David Bourget (Western Ontario)
David Chalmers (ANU, NYU)
Rafael De Clercq
Jack Alan Reynolds
Learn more about PhilPapers
Over the years, I’ve been asked many times what “logical form” is, as applied to natural language. This is a natural enough question to address to me; after all, I’ve written a book titled Logical Form, and I’ve been asked to write any number of papers on the topic. This question, it seems to me, is certainly a “big” question, and big questions deserve big answers. I must admit, however, to being somewhat baffled as to how to do this satisfactorily, since big answers to big questions unfortunately tend to the trivial. With a nod to Wittgenstein, logical form has always seemed to me to be something that you know it when you see it; it is clear enough when it pops up, but one is hard pressed to say just what it is, to define it. This is so even though the meanings of the words “logical” and “form” seem straightforward enough; what I find puzzling is how the first word is supposed to modify the second. What is it that makes a form logical, as opposed to something else that is not logical? This, it seems to me, is a very hard question to answer indeed, for if we cannot contrast logical form with some other type of form, then every form (or no form) is a logical form, and we have arrived at the triviality previously mentioned.
|Keywords||No keywords specified (fix it)|
|Categories||categorize this paper)|
Setup an account with your affiliations in order to access resources via your University's proxy server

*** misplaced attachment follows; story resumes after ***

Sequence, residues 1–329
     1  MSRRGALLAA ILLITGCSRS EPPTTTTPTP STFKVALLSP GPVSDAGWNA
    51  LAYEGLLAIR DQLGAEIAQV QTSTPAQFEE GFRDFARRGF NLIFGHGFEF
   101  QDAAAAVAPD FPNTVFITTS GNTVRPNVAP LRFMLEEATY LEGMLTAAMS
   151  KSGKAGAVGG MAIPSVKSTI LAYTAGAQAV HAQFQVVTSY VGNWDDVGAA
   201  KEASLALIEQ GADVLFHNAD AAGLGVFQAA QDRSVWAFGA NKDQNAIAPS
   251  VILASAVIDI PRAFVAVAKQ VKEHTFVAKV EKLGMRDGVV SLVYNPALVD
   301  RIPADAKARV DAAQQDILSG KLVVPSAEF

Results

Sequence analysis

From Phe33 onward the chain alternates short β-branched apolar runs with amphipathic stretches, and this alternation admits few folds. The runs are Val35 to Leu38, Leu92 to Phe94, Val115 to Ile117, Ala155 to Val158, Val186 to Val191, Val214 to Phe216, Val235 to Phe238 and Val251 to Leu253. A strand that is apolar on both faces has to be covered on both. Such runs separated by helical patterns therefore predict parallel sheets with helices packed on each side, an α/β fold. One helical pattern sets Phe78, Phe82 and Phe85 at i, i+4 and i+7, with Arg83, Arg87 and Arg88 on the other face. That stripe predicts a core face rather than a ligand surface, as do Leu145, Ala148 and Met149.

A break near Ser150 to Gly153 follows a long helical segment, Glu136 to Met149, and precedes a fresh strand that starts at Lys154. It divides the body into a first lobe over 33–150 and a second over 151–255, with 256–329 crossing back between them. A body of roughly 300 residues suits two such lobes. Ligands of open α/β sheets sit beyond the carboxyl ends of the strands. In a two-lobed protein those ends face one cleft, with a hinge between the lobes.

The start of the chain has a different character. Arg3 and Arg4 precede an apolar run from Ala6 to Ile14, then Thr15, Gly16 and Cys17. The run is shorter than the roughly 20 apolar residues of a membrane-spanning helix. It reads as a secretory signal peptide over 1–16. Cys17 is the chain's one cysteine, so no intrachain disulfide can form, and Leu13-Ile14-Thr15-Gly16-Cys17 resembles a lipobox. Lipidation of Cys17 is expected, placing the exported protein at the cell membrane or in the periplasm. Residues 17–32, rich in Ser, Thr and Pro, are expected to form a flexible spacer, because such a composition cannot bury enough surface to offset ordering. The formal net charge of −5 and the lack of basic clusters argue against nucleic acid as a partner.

Configure custom proxy (use this if your affiliation does not provide a proxy)
|Through your library||
References found in this work BETA
No references found.
Citations of this work BETA
No citations found.
Similar books and articles
Roger Wertheimer (2008). The Paradox of Translation. In B. . Lewandowska-Tomaszczyk & M. Thelen (eds.), Translation and Meaning. Hogeschool Zuyd.
Peter Long (2001). Logic, Form, and Grammar. Routledge.
Lenny Clapp & Robert J. Stainton (2002). `Obviously Propositions Are Nothing': Russell and the Logical Form of Belief Reports. In Georg Peter & Gerhard Preyer (eds.), Logical Form and Language. Oxford University Press. 409--420.
John MacFarlane, Logical Constants. Stanford Encyclopedia of Philosophy.
Nick Chater (2002). Is LF Really a Linguistic Level? Behavioral and Brain Sciences 25 (6):680-680.
Ernest Lepore & Kirk Ludwig (2002). What is Logical Form? In Gerhard Preyer & Georg Peter (eds.), Logical Form and Language. Clarendon Press. 54--90.
Added to index2009-01-28
Total downloads41 ( #40,500 of 1,098,907 )
Recent downloads (6 months)2 ( #174,969 of 1,098,907 )
How can I increase my downloads?